Would you believe he moved in for another too-close-for-comfort peer over my shoulder? But, Ah Ha! I was ready for him this time and stepped gracefully backwards out of death-by-garlic range (or as gracefully as it's possible to when one is holding a camera and wearing clumpy walking boots while standing heel up on the steep sloping sides of a Chalk Downland made slippery by the night before's rain).
He peered at the grass.
Oh yes, another Brown Argus, he said dismissively. A female, that one. There are lots of those about. But not, it seems, any Grizzleds. He let out an enormous sigh, nearly killing me on the spot, and mercifully turned round and wandered off to look elsewhere.
I clicked the shutter before he could come back, got a few hasty pics, including one with what looks like a hover fly poised to zoom in and irritate the butterfly, and quickly moved on towards another group who were all also staring avidly at the ground.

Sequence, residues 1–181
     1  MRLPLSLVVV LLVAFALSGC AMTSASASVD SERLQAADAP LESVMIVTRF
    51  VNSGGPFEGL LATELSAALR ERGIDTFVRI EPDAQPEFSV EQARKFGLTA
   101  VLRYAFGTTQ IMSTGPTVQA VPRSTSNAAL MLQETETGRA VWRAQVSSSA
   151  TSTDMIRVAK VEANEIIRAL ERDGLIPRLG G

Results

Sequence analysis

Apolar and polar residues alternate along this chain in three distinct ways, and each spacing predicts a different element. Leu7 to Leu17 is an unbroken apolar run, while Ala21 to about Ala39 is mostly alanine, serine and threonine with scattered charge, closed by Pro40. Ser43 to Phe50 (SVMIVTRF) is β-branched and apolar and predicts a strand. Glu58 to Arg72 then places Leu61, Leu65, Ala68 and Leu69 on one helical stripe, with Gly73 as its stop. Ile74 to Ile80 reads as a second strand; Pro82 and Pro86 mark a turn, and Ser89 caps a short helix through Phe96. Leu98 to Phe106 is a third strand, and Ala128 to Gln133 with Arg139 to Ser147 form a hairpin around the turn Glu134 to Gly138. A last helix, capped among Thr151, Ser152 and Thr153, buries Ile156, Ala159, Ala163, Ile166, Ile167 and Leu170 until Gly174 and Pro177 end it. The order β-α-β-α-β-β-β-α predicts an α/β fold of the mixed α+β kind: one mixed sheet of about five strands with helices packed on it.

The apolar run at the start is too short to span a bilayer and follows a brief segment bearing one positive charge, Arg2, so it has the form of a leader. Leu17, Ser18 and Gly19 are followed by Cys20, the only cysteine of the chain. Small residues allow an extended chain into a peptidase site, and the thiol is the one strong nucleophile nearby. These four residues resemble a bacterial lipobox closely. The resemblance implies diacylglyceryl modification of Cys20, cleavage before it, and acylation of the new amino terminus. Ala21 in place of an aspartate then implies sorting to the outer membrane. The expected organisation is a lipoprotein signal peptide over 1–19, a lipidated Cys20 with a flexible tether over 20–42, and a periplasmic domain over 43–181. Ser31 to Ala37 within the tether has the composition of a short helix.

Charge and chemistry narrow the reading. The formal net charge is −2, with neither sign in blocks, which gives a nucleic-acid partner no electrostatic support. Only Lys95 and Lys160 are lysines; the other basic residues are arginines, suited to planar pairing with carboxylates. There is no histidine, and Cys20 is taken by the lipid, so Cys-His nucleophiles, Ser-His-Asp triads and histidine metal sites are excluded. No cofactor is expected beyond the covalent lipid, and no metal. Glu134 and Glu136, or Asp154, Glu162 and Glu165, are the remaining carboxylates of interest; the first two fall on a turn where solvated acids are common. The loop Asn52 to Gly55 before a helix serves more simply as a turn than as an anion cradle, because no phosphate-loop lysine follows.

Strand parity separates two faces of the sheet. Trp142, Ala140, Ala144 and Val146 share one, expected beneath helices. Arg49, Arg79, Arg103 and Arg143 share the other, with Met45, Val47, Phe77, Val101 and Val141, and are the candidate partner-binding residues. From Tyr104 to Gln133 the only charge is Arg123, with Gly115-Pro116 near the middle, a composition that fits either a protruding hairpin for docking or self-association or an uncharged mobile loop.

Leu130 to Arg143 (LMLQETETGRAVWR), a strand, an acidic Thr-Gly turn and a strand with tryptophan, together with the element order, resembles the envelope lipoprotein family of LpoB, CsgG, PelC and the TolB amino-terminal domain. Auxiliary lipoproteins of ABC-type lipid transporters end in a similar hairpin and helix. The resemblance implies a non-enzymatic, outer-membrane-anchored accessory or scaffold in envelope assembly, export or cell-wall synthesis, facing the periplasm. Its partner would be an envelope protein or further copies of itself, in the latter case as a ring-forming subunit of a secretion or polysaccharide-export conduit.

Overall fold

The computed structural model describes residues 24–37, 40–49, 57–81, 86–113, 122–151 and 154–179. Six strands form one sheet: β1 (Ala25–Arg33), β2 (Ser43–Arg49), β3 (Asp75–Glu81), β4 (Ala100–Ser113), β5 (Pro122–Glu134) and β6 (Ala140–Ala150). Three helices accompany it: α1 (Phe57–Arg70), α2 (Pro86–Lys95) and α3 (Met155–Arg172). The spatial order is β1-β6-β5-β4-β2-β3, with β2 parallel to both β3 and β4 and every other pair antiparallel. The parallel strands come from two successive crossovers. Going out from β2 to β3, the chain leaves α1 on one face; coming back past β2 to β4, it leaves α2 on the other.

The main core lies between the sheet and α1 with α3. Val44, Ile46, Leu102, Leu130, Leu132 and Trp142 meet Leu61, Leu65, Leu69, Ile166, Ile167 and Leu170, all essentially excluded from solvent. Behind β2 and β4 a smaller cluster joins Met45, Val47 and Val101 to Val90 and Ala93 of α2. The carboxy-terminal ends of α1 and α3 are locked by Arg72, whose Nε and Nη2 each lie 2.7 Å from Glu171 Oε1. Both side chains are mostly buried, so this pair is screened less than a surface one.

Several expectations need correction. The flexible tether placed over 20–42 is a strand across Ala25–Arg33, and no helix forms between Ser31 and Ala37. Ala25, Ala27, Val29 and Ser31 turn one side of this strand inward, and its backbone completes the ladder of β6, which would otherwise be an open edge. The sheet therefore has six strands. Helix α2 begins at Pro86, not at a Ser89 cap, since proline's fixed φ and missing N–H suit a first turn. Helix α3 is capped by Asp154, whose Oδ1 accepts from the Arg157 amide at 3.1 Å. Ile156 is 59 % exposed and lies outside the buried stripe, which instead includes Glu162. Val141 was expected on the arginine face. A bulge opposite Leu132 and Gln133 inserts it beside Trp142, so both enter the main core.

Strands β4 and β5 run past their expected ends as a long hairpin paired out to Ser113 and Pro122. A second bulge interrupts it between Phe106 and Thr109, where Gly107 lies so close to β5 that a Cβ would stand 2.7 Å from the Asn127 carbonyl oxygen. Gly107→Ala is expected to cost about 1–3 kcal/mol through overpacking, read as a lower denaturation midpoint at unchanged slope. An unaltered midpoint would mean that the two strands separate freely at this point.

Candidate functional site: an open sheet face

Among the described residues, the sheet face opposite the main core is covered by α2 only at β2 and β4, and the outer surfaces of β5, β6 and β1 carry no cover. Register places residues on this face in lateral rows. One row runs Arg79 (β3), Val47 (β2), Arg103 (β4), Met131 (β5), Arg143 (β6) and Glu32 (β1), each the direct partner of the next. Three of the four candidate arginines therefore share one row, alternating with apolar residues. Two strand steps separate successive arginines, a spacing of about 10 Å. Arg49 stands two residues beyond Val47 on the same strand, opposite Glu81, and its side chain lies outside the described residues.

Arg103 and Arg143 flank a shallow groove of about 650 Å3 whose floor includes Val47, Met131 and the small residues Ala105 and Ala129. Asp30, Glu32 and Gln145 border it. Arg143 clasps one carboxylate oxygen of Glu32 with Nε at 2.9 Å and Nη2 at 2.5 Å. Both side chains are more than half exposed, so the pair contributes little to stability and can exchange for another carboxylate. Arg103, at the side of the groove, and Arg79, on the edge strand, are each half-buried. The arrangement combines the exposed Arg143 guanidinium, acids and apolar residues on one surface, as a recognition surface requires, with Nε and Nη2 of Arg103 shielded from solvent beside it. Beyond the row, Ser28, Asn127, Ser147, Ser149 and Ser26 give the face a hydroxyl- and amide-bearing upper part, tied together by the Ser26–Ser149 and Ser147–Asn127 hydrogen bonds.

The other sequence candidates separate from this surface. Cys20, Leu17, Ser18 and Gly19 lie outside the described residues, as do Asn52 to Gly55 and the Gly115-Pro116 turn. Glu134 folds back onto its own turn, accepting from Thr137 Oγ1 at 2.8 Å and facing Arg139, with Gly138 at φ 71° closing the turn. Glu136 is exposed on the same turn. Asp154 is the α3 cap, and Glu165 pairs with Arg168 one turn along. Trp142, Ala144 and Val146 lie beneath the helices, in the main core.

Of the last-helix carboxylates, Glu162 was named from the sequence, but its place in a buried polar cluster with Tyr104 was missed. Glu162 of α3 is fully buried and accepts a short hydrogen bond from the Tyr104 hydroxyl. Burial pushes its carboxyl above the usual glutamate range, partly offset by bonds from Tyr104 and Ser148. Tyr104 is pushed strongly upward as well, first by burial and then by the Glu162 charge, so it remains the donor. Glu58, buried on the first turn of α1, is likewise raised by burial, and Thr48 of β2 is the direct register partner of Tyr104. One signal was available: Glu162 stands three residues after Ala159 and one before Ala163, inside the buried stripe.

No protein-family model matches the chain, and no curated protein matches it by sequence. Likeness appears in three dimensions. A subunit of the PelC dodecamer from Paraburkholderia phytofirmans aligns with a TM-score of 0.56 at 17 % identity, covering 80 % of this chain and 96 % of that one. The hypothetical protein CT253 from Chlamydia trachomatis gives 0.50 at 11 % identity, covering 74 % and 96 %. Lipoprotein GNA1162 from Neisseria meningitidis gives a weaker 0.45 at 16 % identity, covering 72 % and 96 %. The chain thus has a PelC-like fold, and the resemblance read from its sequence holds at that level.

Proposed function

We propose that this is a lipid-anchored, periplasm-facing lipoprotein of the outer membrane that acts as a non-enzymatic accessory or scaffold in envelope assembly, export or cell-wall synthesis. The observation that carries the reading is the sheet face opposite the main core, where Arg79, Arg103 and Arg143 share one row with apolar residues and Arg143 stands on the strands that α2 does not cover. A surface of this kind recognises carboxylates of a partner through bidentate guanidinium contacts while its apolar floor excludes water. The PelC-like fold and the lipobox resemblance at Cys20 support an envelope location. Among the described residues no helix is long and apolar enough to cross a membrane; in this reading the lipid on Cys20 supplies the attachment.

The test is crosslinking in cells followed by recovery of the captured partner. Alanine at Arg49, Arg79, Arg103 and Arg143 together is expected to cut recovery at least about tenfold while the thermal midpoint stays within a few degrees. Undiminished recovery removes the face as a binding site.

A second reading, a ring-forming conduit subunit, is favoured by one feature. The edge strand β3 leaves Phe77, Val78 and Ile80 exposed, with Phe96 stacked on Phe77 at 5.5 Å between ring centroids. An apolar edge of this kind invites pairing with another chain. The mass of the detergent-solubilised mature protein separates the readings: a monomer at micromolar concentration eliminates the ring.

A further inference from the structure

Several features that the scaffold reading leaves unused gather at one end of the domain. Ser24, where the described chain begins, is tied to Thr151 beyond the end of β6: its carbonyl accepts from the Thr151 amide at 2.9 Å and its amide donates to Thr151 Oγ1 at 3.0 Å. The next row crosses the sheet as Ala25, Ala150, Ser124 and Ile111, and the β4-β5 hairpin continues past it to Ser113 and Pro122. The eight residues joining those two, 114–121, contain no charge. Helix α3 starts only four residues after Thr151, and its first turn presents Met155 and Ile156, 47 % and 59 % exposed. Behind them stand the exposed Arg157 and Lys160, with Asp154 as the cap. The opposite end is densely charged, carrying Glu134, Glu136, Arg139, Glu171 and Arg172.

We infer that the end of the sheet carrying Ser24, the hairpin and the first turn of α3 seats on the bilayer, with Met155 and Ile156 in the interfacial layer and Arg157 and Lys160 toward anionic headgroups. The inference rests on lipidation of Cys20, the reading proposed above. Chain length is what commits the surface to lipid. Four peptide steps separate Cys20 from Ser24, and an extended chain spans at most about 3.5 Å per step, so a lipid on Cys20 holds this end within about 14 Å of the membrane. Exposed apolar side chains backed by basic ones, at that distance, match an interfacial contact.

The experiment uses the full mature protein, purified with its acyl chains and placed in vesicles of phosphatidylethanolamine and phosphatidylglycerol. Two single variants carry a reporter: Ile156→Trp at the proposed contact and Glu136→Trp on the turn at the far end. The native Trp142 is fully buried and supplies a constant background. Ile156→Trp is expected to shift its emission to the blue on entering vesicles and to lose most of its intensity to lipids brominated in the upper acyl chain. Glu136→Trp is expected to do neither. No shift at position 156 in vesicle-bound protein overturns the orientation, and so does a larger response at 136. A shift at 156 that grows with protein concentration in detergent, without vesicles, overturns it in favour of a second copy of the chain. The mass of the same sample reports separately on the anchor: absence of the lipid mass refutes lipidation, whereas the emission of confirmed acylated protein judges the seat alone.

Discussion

Don't forget to tell me if you find a Grizzled! He called out as I headed off.
Dodging the second group, I headed further along the track and was relieved to see there were No More People up ahead and even better that garlic-breath wasn't following me.
I realised I hadn't taken the time I usually would to commune with the land and the flutters. Instead, ruffled by the unexpected crowds and the hard-to-shake personal-space-invader, I'd just taken pictures without pause. It left behind an unsettled sad feeling, because I much prefer to take my time and have a chat with them (the butterflies, not the people)- it seems rude just to take their picture and move on. I like to look at them properly and admire their colours and their little expressive faces, the beauty of their wings and the amazing way they survive here in what is not always the most clement or indeed flutter-friendly of climates (and let's not even begin to get into the damage done to their homes by people).